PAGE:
As evidenced by the Maidstone model, data analytics and predictive modeling will play an indispensable role in enabling us to realize a very big vision — a world in which everyone has a reliable roof over their heads.
Against that backdrop, it’s important to stress that the roadmap for preventing homelessness has to contain components beyond just better avenues for using data. It must also include shrewd approaches for dealing with complex issues such as funding, standards, governance, cultural differences and informed consent to permit the exchange of personal information, among others. Perhaps most importantly, the work needs to be championed by organizational and governmental leaders who believe transformative, systemic change is possible and are committed to achieving it.
Introducing the Smart Safety Net
To move forward, human services organizations need to look beyond modernizing service delivery to transforming it, and to evolve from integration to intuitive design. New technologies provide opportunities to truly rethink and redesign in ways that would have been impossible in the past.
A Smart Safety Net can shape a bold new future for social care. Doing so will require broad, fundamental changes at an organizational level, more collaboration across agencies, data integration and greater care co-ordination. At its heart, a Smart Safety Net entails:
- A system-wide approach to addressing the needs of each individual and family, including pooled funding that supports coordination so that, for example, users in one program are automatically enrolled in other programs for which they are eligible.
- Human-centered design that genuinely integrates the recipients of services (patients, clients, customers, etc.), as well as their experiences and insights, into the creation and implementation of policies, systems and services that affect them.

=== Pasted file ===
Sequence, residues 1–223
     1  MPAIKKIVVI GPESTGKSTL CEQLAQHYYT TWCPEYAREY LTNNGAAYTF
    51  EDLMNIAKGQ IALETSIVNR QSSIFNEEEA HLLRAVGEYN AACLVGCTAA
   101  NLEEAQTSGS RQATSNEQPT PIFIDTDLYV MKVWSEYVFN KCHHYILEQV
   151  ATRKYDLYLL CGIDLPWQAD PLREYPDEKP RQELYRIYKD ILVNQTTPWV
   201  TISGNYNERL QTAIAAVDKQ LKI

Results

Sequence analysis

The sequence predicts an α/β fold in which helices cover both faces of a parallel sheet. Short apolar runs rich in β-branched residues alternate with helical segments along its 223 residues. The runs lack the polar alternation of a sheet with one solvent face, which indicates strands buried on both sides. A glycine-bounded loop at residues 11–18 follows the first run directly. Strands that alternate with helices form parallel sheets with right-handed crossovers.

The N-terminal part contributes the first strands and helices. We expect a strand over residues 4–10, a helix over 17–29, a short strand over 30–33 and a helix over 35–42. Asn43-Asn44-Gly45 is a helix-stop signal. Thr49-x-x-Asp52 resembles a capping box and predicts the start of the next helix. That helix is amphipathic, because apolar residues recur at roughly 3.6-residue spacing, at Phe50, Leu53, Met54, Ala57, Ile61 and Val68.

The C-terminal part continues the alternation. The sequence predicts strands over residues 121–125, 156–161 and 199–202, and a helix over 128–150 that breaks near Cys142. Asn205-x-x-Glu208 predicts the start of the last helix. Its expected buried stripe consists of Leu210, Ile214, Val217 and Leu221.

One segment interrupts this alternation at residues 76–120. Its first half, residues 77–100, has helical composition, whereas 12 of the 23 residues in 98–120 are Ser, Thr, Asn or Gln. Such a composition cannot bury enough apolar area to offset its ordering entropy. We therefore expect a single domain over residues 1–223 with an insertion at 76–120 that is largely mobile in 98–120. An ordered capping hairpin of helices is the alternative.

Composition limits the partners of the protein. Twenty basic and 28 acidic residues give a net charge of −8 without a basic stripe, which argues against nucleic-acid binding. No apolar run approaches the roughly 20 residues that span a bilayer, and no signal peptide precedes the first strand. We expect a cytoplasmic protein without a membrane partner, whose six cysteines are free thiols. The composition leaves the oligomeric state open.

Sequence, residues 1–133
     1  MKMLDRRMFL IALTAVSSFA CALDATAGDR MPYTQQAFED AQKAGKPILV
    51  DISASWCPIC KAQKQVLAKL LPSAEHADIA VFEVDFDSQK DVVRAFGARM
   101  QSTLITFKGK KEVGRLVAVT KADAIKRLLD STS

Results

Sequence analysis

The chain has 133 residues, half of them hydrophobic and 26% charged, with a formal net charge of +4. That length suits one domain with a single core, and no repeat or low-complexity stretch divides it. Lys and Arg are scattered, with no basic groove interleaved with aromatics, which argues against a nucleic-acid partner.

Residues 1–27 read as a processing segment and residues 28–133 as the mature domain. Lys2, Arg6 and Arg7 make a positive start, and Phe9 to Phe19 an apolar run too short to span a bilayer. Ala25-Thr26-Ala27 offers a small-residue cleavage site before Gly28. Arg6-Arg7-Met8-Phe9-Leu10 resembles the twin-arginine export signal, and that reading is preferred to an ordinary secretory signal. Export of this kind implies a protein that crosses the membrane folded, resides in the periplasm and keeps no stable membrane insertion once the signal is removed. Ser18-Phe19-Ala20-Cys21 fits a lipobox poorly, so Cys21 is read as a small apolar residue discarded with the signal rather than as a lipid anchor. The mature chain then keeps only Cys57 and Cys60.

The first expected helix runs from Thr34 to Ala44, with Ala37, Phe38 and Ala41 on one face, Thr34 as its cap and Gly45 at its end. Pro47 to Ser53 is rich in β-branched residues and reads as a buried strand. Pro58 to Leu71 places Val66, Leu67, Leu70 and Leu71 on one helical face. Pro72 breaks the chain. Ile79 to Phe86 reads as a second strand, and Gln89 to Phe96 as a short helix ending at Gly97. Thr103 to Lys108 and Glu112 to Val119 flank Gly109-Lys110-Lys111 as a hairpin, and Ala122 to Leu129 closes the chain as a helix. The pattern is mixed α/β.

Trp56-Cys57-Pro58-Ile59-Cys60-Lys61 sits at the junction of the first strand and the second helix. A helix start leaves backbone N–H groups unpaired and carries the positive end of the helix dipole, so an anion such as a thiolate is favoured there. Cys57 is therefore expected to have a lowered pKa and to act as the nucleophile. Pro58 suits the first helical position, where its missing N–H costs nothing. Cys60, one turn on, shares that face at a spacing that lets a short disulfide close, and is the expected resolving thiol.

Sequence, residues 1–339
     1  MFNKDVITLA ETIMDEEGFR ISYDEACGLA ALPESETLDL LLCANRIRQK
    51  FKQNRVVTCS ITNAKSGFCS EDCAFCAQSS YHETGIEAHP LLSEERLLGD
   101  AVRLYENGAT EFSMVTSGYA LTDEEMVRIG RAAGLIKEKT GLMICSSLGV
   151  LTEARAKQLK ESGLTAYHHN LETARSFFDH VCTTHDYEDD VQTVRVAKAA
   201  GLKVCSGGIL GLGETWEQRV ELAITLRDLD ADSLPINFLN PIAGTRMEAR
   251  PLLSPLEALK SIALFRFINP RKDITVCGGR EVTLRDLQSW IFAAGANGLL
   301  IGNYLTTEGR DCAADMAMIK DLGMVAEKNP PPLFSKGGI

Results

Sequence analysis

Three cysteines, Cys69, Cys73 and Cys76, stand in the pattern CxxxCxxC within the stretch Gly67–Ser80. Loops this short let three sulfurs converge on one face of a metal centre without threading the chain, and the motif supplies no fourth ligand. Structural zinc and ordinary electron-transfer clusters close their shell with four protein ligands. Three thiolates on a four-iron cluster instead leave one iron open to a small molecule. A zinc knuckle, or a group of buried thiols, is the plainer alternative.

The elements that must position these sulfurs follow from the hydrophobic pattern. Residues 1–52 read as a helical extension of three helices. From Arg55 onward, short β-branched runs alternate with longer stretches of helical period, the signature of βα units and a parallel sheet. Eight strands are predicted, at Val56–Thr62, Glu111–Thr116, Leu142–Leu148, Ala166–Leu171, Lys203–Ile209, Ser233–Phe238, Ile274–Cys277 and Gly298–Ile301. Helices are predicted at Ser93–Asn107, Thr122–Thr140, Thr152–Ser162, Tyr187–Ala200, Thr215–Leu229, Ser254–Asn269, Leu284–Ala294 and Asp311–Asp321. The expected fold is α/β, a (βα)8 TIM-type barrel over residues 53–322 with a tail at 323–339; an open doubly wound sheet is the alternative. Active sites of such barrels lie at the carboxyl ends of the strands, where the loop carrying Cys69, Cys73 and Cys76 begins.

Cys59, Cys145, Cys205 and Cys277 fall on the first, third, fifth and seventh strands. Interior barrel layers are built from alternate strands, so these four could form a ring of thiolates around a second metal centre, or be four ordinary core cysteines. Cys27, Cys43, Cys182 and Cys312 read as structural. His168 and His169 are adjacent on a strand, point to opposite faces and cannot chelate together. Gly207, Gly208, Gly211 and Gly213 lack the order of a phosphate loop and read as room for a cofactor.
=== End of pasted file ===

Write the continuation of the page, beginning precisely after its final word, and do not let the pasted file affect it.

- Data-driven policy, services, workflows, automation and security to improve processes, save money and facilitate accurate, real-time decision-making, especially to advance the overarching priority of nearly every program and service; that is, early intervention and prevention.
- Frontline case workers who are supported and empowered to focus on their core purpose. With a lower administrative burden, they are able to invest more time in building relationships with vulnerable constituents and act as “coaches” to improve people’s lives.
- Outcomes-based commissioning of services, measured against a more holistic wellbeing framework, from an ecosystem of public, private and not-for-profit providers, with government acting as system stewards and service integrators.
Rarely in human services will you hear the phrase “money is not the primary issue.” But eradicating homelessness will require much more than additional funding. This problem existed long before the pandemic and will likely continue to exist long into the future. To the extent that emergency funds are available, they certainly are sorely needed. At the same time, digital tools and knowledge resources can provide governments — especially at the local level — with tailored solutions that help to remove obstacles relating to technology, third-party vendors and application processes.
Most pointedly, in our view, skeptics who say there is no answer to homelessness are missing something. The key is in integrating the abundant amount of data held on systems across agencies and how to best use the insights to enable early intervention. Government, with its place at the head of the table, has the opportunity to know more and do more than the innumerable private organizations, online groups and nonprofits that are working to end homelessness.